Moving to Orlando, he continued to blossom as part of Braumann’s training group, and set his sights on senior titles. Despite concerns about living away from his family, Cedenio made a seamless transition into the senior ranks. He was still only twenty years old when the Rio Olympics came along, so the emphasis — according to observers, at least — was on gaining experience. But Cedenio took to the competition with a zest that saw him into the 400-metre final, only to finish just out of the medals in fourth place as the winner broke the world record. With his scintillating form, he joined his relay companions in the continued search for precious metal. Then, disaster. T&T were disqualified for stepping outside their lane in their very first heat. The 2016 Olympic dream was over, representing the first real setback of Cedenio’s career.

The twin aspects of family support and deep patriotism remain entrenched in his psyche and, aligned to his work ethic, make the Point Fortin man even hungrier for success. When the Trinidad and Tobago Olympic Committee launched a campaign for ten Olympic gold medals by the year 2024 (#10Golds24), Cedenio was the first athlete to pledge his dedication to the cause. “I’m working every day to help achieve this goal for my country,” he said. Reinforcing that he’s acutely aware of what it takes to get to the top, he portrayed his viewpoint with the clichéd “You’re only as good as your last race,” before adding his own mantra: “I don’t believe in days off.”

Cedenio’s composure may have its roots in his relationship with his greatest supporters, his family. He speaks regularly about the need to get back to T&T to spend time with them. “I’m close to both my parents and my three sisters,” he says. “Any time something goes bad in track and field, I go to my mom or God, and it ends up all being good.”

That support was crucial when Cedenio experienced the negative side of celebrity in late 2018, as he was called in by the police for questioning over a road accident in Tobago, being cleared once the investigation was completed. He took umbrage at the media’s reporting of the incident, releasing a social media comment: “They were happy to report I walked into a police station with my lawyer for questioning etc, but they weren’t as eager to report I walked out uncharged with a clear name.” It marked the end of a troublesome year, with no medals at the 2018 Commonwealth Games and injury forcing him out of the CAC Games. It was time to rebound.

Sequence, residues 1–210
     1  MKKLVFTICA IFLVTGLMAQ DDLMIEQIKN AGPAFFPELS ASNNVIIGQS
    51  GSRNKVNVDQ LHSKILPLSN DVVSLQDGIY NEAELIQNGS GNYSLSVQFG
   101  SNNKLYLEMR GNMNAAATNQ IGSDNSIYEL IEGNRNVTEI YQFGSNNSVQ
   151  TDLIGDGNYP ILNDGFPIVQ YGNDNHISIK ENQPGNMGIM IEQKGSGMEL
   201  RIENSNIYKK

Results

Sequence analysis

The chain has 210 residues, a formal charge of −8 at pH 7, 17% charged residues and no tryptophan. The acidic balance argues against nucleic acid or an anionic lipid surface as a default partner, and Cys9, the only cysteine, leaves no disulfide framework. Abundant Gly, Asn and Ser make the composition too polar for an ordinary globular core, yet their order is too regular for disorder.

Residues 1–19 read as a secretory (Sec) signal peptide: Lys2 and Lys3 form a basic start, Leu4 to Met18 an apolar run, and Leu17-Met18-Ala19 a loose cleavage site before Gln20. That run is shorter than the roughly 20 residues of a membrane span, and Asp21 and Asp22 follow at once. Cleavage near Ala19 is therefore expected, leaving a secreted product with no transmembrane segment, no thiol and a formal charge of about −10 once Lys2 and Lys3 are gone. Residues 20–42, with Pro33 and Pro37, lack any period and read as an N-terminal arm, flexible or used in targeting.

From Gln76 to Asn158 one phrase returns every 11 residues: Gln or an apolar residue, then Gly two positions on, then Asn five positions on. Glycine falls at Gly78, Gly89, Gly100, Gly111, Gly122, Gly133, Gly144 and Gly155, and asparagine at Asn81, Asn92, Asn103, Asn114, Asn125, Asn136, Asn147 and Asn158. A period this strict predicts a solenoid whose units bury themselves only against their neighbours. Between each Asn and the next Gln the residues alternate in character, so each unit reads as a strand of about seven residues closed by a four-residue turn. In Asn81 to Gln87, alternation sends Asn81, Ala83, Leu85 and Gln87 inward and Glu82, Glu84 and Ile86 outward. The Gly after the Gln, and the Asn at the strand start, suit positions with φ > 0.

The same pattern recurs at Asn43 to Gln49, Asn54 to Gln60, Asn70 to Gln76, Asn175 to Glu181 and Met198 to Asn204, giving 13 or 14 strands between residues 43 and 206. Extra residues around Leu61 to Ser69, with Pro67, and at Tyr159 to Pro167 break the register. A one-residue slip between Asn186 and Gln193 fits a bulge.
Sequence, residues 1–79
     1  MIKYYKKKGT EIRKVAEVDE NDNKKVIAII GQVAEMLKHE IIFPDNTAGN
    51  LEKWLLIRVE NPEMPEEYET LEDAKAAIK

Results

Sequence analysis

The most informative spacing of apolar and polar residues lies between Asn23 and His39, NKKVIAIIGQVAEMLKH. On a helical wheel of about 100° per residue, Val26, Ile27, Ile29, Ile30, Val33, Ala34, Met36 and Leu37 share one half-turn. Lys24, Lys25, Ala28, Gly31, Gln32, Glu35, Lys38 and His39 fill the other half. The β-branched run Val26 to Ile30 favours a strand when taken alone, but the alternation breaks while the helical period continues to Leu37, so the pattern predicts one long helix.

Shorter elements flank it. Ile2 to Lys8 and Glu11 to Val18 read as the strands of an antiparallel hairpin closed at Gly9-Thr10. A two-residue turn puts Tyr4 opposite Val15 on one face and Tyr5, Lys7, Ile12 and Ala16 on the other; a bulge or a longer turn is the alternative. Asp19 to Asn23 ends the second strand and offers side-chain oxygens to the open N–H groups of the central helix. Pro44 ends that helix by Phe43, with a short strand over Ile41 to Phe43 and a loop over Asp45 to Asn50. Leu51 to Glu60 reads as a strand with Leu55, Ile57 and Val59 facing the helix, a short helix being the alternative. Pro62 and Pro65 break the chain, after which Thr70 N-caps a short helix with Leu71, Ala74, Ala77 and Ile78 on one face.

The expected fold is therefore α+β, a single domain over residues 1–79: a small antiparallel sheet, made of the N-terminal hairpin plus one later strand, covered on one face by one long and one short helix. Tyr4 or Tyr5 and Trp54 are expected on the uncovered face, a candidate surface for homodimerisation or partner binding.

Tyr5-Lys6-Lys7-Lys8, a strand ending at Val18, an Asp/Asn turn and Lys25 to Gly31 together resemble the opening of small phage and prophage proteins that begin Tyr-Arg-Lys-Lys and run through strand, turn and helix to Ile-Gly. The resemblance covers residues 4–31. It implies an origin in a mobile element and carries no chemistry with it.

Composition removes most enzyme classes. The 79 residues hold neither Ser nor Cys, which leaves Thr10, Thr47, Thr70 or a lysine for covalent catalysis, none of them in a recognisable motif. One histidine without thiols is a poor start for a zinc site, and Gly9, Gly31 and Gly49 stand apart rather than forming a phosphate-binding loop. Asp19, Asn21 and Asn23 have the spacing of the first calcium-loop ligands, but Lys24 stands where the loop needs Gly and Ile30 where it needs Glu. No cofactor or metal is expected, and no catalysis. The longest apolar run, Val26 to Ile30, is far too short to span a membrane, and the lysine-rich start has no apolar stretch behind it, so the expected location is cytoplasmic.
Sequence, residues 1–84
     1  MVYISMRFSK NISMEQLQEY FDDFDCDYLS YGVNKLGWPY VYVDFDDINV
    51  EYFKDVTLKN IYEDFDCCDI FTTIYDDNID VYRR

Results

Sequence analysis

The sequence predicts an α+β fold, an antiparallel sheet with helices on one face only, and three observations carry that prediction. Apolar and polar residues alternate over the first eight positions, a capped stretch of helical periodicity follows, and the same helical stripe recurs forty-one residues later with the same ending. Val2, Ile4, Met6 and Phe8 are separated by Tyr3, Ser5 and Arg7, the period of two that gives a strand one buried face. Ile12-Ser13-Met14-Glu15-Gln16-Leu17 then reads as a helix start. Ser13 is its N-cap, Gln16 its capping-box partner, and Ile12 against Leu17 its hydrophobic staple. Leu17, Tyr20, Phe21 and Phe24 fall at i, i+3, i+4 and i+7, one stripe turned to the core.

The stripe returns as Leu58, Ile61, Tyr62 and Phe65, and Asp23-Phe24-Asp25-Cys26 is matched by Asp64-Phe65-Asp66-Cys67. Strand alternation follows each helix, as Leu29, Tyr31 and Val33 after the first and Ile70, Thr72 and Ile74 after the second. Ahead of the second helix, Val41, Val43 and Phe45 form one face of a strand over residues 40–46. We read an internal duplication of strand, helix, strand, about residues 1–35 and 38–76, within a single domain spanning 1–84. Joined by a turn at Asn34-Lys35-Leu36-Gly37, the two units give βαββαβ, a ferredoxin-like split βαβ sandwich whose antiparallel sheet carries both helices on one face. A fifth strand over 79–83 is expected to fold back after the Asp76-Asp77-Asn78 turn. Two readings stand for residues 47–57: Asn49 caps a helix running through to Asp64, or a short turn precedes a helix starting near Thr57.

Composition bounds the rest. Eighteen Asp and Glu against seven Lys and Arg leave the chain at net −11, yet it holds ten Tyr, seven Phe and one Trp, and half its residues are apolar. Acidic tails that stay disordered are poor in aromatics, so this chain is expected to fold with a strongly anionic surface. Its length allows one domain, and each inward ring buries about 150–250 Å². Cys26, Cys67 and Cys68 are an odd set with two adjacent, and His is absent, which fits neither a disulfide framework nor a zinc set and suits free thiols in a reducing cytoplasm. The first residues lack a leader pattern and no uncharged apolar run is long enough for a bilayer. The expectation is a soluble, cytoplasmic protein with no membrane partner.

In his own words, “If you lose, it’s not a reason to give up, it’s a reason to go forward.” Which is exactly what Cedenio has done in 2019, with a slew of steady performances that culminated in a performance dubbed “the run of his life” at the World Relays event in Yokohoma, Japan, this past May. The USA once again had a commanding lead, with T&T in third place as Cedenio was handed the baton on the final leg. Amazingly, he closed the seemingly impossible gap to catch his American opponent on the line by the smallest of margins. Commentators were floored: “Cedenio with a finish for the ages!”

Now twenty-three years old and entering the peak years of an athlete, Cedenio faces a crucial stepping-stone — the 2019 IAAF World Championships in Doha — towards the one medal missing from his collection: Olympic.

The Pan Am Games in Peru this past August brought a setback. Cedenio stopped before the line in the individual 400 metres, feeling the onset of cramp. In the relay, he was neck and neck with his Colombian counterpart and about to turn on those trademark afterburners when he inexplicably faded to third place. The reserved Cedenio offered no explanation, but there are bigger targets on the immediate horizon, with Doha looming. There’s enough time for Cedenio to tweak things before lining up on his favourite hunting ground at the World Championships.

“Going up on the podium and hearing the national anthem, that’s when it really hit me,” Cedenio said after his two World titles. Prepare to be hit again, Machel.